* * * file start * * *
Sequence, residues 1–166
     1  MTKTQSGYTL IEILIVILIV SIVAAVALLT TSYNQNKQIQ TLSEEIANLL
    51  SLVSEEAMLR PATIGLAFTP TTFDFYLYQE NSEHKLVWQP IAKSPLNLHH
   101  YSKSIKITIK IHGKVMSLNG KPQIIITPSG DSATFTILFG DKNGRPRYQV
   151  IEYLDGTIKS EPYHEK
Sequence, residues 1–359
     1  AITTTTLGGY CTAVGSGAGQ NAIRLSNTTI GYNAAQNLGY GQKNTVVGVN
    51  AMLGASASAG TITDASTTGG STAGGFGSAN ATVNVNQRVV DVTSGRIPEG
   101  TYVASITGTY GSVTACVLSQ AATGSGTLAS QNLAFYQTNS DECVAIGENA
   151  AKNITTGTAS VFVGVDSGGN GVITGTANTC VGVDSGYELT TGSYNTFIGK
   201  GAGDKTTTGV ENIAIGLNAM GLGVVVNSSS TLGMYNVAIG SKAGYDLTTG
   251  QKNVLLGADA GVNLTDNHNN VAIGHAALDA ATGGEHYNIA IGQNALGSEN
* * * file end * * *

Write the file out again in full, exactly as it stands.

Sequence, residues 1–166
     1  MTKTQSGYTL IEILIVILIV SIVAAVALLT TSYNQNKQIQ TLSEEIANLL
    51  SLVSEEAMLR PATIGLAFTP TTFDFYLYQE NSEHKLVWQP IAKSPLNLHH
   101  YSKSIKITIK IHGKVMSLNG KPQIIITPSG DSATFTILFG DKNGRPRYQV
   151  IEYLDGTIKS EPYHEK
Sequence, residues 1–359
     1  AITTTTLGGY CTAVGSGAGQ NAIRLSNTTI GYNAAQNLGY GQKNTVVGVN
    51  AMLGASASAG TITDASTTGG STAGGFGSAN ATVNVNQRVV DVTSGRIPEG
   101  TYVASITGTY GSVTACVLSQ AATGSGTLAS QNLAFYQTNS DECVAIGENA
   151  AKNITTGTAS VFVGVDSGGN GVITGTANTC VGVDSGYELT TGSYNTFIGK
   201  GAGDKTTTGV ENIAIGLNAM GLGVVVNSSS TLGMYNVAIG SKAGYDLTTG
   251  QKNVLLGADA GVNLTDNHNN VAIGHAALDA ATGGEHYNIA IGQNALGSEN